Surprise! Formlabs has suddenly announced a new 3D printer, and it’s entirely different from anything they’ve previously produced.
The machine is called the “Fuse 1” and it is NOT an SLA 3D printer, as all their previous products have been. No, instead this is an SLS machine.
The SLA machines they’ve grown with, the Form 1, Form 1+ and Form 2 all use lasers to selectively fuse liquid photopolymer resin into solid objects.
The new Fuse 1 doesn’t use resin at all. Instead it uses powder. However, there are lasers involved.
The laser in the Fuse 1 is used to selectively fuse layers of fine plastic powder into solid objects. In a way, the process is very much like the Form 1 and 2 process, as a laser must sweep across the build area on each layer.
But that is where the similarities in process end. The powder is spread across the build area in successive layers, where the final 3D object ends up buried within a build volume filled with powder.
While it may take minor effort to extract the completed object from the powder, there are significant advantages to this process.
The first advantage is that the powder automatically supports the model during printing, as all solid parts are surrounded by unfused powder. This means the SLS process can 3D print highly complex objects without need for support structures and far fewer geometric constraints.
The second major advantage is that different materials can be used. In the Fuse 1, Formlabs has introduce a pair of nylon powders that can be used to 3D print very strong objects, stronger than is achievable with Formlabs’ other equipment.
While they initially offer powdered nylon, I expect them to gradually introduce new powders over time, making the Fuse 1 even more powerful.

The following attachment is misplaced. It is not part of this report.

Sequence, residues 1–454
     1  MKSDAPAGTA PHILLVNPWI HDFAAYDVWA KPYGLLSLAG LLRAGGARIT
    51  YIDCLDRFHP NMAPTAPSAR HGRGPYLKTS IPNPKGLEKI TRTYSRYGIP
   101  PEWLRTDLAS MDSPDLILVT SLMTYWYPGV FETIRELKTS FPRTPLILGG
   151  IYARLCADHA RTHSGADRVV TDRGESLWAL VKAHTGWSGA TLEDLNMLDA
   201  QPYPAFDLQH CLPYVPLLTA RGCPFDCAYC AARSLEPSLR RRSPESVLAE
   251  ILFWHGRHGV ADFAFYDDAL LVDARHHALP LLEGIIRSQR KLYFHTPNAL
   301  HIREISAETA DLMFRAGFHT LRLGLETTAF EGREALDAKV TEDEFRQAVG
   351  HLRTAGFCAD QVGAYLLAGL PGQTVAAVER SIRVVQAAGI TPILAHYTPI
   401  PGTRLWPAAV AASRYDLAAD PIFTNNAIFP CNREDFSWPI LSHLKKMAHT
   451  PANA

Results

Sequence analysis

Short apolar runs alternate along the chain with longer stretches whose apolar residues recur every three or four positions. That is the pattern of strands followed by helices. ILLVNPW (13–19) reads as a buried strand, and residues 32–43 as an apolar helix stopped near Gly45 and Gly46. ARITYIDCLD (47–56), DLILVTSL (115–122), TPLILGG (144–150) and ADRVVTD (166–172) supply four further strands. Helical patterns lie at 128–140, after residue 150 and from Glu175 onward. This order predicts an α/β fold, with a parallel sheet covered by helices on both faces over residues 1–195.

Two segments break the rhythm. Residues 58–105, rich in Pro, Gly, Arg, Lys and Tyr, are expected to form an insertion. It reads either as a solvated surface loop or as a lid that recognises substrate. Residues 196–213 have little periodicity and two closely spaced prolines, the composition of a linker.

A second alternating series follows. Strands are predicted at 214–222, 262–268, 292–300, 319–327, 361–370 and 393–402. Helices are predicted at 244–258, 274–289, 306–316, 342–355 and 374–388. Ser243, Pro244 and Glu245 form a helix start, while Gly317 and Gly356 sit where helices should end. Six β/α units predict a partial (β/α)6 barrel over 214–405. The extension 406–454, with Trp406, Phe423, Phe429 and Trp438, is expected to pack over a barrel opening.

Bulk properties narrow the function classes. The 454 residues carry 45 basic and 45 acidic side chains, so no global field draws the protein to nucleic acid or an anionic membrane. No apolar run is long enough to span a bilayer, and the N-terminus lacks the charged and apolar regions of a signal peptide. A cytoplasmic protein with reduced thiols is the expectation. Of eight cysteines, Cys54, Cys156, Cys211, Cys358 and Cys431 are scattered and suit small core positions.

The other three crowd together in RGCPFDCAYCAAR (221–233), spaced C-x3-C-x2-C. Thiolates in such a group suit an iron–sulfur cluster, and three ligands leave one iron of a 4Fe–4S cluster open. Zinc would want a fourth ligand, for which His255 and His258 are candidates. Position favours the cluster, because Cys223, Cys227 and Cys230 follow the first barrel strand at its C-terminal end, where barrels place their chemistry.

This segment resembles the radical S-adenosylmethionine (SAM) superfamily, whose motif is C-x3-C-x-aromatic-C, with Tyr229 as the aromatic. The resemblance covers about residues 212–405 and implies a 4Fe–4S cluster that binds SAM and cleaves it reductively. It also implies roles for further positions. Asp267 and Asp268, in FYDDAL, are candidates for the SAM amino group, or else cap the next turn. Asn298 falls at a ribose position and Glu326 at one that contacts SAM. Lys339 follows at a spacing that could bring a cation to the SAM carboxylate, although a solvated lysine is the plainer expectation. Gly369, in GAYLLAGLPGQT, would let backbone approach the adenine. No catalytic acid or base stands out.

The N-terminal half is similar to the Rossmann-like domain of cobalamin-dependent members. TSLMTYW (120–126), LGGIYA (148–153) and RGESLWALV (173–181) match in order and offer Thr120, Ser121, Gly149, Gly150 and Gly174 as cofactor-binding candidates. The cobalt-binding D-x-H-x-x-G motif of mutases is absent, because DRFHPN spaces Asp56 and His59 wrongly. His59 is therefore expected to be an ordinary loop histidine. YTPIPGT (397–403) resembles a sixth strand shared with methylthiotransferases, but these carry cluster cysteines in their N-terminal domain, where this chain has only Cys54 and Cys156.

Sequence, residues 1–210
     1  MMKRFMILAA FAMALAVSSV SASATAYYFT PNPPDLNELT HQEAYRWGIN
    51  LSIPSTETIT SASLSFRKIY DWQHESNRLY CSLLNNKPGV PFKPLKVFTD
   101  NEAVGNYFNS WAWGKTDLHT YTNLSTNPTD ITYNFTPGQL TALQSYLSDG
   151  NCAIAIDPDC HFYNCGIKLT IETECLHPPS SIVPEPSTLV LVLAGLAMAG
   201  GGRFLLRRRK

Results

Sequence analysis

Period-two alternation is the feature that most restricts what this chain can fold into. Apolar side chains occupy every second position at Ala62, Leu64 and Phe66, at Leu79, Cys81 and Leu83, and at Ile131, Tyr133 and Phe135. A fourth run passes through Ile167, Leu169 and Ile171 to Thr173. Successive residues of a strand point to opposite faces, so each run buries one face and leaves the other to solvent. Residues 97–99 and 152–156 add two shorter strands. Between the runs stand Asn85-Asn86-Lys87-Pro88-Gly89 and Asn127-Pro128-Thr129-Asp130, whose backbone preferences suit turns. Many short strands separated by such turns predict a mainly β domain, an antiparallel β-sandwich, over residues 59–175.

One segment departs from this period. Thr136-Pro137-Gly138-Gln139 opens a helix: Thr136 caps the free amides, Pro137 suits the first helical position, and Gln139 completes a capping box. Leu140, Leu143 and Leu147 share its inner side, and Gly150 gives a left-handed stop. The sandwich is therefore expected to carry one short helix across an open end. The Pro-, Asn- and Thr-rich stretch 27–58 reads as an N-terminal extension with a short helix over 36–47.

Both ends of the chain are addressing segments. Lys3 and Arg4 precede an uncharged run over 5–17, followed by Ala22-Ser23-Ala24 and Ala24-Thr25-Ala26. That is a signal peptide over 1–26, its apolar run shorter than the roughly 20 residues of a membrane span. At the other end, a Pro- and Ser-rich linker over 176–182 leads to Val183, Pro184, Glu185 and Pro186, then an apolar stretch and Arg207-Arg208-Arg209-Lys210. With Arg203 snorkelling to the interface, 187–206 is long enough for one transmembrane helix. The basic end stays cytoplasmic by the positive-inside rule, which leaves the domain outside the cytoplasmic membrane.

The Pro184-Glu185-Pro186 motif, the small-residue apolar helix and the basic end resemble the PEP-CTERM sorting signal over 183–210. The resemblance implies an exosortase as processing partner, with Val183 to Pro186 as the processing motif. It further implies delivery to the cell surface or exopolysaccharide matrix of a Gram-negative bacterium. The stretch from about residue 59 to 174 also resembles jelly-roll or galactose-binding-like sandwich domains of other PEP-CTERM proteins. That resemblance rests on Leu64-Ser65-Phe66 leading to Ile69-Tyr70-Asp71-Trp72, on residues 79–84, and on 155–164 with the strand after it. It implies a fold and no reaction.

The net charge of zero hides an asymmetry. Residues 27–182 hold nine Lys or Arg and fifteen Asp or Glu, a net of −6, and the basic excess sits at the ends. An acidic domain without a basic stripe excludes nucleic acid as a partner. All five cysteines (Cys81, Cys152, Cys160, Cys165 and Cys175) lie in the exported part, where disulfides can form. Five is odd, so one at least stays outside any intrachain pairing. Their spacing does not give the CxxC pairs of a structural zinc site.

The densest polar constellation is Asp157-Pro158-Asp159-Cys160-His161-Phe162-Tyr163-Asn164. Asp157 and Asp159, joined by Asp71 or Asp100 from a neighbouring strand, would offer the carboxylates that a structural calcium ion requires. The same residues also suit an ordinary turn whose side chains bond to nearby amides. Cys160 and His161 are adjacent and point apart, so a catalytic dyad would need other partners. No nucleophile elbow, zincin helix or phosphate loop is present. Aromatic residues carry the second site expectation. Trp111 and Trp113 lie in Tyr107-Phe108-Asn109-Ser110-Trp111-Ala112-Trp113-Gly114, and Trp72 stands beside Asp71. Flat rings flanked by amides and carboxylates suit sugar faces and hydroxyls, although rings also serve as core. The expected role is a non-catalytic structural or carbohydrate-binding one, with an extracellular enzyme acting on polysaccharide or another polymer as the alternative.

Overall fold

One feature present on the Fuse 1 that puts in the industrial class is the removable build chamber. This enables operators to rapidly swap in a fresh build chamber to continue printing as much as possible, while the used chamber has its parts extracted at leisure elsewhere. Typically a build chamber will have multiple parts loaded into it, 3D-tetris style in order to more efficiently use the machine. This should raise the efficiency of the machine considerably.
We don’t yet have full specifications for this device but judging from the images it would seem the build volume of the Fuse 1 is small to medium-sized, sufficient for many applications.
There is an image of an onboard camera, suggesting that the Fuse 1 provides some level of remote management, as is seen in many industrial 3D printers these days.
One thing that is certain, however, is the user interface, which is visible on some of the images, as shown here. The Form 2’s interface is simply one of the easiest and beautifully created we’ve seen on any 3D printer, and it appears that the Fuse 1 offers something similar. The Fuse 1 will no doubt be a pleasure to operate.
The machine is available for pre-order with a USD$1,000 deposit, but it won’t ship until some time in 2018.
There’s one other fact we’re aware of: the price. The price of this machine is extremely attractive at USD$9,999 for the printer. Formlabs also offers a USD$19,999 bundle that includes a finishing station along with the printer itself, which is likely what most customers will purchase.
This pricing is significantly less than the options available from the SLS market leaders, EOS and 3D Systems, but comparable to the pricing offered by a couple of SLS startup companies seeking the same market as the Fuse 1. It’s not clear which company will dominate this segment, but I do know that Formlabs has deeper pockets based on their several rounds of major investment over the past few years and a far larger sales and distribution network.
This machine is quite a departure for the still-young company, and signifies a strategic change. I’ll discuss this notion in a future post.